Our private chalet tucked into the forest next to the delta.
Xaranna Lodge took its design inspiration from the ubiquitous delta water lilies.
Now that is what I call a holiday . . . !
I have just completed the manuscript for the next book – “Jane’s Delicious Herbs. Healing plants for home, health and happiness.” And now the photography starts. I have gone through my bottle collection and fished out every interesting one I have ever tucked away. It really helps being a hoarder when you start styling photographs.
I think this is why I enjoy writing and producing books – I get to do such a variety of things: Writing and researching, developing recipes, hunting down and photographing herb gardens, styling and shooting recipes, spending time in my garden shooting beautiful photographs of herbs . . .
I first heard about a chicken tractor from one of my American magazines about ten years ago. It was a review of a book a homesteader had written about using chickens to till and fertilise the land. I wanted one. And now (finally!!) I have a chicken tractor with four happy hens installed in my garden.
It is all thanks to Keith who hammered and sawed the thing together (with a tiny bit of ‘hold this’ and ‘pull that’ help from me) We decided to make it using as much recycled material as possible.
After looking at plenty of designs we decided on a A Frame with the shelter on one side at the top of the A. This would maximise the amount of ground space the chooks would have.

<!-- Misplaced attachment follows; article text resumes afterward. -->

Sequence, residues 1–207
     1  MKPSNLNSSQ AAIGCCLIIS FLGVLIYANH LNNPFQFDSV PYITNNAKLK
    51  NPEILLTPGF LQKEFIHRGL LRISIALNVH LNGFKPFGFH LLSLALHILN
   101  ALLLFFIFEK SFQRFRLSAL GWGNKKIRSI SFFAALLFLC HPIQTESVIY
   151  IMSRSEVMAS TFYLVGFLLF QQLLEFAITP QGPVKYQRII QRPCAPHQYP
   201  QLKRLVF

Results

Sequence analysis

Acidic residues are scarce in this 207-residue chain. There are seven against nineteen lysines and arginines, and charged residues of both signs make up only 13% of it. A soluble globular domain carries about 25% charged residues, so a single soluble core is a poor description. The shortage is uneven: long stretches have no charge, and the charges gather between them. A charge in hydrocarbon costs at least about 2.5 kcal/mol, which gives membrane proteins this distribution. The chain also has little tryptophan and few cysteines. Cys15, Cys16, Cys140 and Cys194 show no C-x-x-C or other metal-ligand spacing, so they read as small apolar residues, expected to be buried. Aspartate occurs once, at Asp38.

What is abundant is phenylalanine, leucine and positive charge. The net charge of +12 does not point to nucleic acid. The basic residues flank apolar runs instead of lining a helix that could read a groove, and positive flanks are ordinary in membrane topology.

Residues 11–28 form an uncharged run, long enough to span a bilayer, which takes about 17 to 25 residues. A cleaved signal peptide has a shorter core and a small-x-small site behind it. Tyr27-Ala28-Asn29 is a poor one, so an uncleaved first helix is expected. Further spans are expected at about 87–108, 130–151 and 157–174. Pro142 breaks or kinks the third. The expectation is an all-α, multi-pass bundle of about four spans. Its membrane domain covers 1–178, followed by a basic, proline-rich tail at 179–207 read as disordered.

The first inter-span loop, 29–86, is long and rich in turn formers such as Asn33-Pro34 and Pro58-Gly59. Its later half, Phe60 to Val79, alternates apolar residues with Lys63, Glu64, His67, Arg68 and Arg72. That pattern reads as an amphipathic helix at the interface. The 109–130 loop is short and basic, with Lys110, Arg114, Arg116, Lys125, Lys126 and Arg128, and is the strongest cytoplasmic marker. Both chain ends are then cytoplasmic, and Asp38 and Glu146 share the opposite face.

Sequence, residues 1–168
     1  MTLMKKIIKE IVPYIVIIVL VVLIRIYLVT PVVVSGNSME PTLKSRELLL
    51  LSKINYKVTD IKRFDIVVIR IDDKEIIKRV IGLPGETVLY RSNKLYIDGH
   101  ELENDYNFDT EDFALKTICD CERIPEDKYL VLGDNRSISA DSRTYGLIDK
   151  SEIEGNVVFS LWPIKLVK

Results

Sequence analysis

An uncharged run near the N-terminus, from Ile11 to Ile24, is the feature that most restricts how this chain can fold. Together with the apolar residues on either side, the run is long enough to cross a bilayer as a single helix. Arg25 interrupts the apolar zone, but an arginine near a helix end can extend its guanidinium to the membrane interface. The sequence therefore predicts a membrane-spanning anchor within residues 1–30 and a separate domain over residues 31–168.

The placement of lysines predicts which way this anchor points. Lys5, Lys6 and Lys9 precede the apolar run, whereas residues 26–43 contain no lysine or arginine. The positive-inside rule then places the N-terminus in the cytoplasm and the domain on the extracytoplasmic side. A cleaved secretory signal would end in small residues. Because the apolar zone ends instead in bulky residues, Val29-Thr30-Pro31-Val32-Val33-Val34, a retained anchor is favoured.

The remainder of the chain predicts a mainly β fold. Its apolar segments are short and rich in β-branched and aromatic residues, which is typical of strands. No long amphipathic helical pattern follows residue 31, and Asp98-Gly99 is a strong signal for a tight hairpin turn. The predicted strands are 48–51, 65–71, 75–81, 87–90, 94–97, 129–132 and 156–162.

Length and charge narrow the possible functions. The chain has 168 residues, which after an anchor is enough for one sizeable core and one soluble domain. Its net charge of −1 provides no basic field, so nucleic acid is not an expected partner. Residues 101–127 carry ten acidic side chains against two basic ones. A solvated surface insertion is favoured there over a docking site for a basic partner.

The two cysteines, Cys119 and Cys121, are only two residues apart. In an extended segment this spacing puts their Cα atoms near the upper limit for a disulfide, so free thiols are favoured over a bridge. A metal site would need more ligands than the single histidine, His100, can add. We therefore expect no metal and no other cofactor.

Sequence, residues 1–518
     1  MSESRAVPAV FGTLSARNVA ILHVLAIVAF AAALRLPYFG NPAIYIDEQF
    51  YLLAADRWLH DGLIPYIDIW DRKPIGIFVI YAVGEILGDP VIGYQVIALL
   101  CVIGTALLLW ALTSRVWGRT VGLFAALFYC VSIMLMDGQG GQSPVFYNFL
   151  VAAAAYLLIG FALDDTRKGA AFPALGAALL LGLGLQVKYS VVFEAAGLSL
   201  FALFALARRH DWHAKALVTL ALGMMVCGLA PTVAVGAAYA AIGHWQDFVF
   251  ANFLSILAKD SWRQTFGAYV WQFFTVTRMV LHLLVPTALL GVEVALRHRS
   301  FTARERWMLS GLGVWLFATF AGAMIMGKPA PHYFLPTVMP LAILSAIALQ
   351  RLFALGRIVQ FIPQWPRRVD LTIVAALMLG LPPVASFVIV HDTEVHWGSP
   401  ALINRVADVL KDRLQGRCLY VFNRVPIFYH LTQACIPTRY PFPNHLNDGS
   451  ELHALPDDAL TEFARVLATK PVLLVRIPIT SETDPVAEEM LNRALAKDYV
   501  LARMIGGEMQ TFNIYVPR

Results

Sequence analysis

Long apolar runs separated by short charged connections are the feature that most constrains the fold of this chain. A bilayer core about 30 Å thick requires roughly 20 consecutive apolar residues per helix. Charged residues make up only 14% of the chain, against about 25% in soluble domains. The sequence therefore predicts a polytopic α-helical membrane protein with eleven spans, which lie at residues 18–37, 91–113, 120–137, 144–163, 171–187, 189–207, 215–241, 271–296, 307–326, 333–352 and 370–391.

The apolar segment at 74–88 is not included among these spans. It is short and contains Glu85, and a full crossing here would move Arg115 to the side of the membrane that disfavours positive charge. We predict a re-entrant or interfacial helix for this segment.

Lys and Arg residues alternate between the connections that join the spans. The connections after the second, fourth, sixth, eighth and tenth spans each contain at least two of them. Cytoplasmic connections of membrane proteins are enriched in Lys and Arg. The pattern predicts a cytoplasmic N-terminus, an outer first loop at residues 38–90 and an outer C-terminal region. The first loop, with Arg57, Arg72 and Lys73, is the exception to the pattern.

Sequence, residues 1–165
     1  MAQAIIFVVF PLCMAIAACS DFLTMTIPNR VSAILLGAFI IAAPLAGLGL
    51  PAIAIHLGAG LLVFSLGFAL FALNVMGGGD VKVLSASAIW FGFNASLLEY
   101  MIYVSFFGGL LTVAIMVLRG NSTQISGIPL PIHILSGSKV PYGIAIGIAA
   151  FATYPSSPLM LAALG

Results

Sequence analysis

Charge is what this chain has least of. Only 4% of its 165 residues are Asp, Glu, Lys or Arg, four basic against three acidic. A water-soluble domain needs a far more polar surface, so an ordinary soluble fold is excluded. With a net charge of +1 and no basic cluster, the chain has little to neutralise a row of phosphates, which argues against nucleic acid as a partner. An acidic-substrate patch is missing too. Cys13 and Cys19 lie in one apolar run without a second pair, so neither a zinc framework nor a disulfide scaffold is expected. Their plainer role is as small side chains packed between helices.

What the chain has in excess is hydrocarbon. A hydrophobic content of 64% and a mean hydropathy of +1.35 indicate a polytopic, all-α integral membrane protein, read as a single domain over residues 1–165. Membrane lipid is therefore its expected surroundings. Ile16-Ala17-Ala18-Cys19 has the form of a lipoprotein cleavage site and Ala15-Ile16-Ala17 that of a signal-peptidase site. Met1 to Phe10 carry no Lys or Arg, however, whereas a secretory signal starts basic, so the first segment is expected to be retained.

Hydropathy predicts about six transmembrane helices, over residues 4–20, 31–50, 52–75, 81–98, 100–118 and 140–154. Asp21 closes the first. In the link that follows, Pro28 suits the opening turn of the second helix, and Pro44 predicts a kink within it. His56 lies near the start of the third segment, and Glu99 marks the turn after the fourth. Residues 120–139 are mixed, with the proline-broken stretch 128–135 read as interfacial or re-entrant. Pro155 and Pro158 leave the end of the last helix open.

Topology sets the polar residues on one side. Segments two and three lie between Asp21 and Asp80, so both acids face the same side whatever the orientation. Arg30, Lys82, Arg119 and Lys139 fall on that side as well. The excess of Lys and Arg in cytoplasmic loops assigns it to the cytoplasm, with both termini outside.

Securing the top . . .
It was cold when we were working on it and we’d read that chickens don’t like being cold so Keith pulled out some polystyrene boards that had been used on some film shoot and used them as insulation. Lucky chooks!
“I am the special ingredient!” is the quote on the back of the chef’s T shirt in the open plan kitchen at Xudum camp in the Okavango Delta. And does he live up to it. I have just arrived back from six days in the Delta – travelling via bumpy little planes, even bumpier landies, fast speed boats and slow makoros, I have had the most magical and wondrous time.
Watch this space for more! As soon as I get home I will be adding photos and delicious details . . .
Not that long ago, people who grew their own vegetables or used grey water for irrigation were considered fringe tree huggers. Just four years ago I only had one friend that I knew of who grew her own vegetables. And look at us now. These days I get stopped in the queue at supermarkets by people wanting to show me photographs of their vegetables on their phones! And many more people are becoming aware that organic gardening is all about working and living in harmony with natural systems and minimising and replenishing the resources that we consume. And one of the most important resources in our climate is water.
In the past, wars were fought over salt and graphite. Currently, wars are being fought over oil. In the very near future, wars will be fought over water. It is time to start thinking about our water supply and how we can save, harvest and recycle as much as we can. I have recently had JoJo tanks installed to harvest rainwater from my roof: 1mm of rain falling on one square meter of roof will supply 1 litre of water. I have a large roof and all those litres currently wash away down the storm water drain – but I am really looking forward to the next rains when instead they will be saved into my tanks. I will let you know how it all goes when the spring rains come . . .
Here are the rainwater tanks being installed:
Pipes etc being connected
Having a double storey house covered with very thick creeper caused a few hitches. We had to hire an extra length ladder and the pipes had to be carefully adjusted as there was no way they were allowed to cut creeper branches that are probably 30 years old!
Here they are nearly done, the last few pipes on the right still has to be connected (and the plastic packaging recycled!)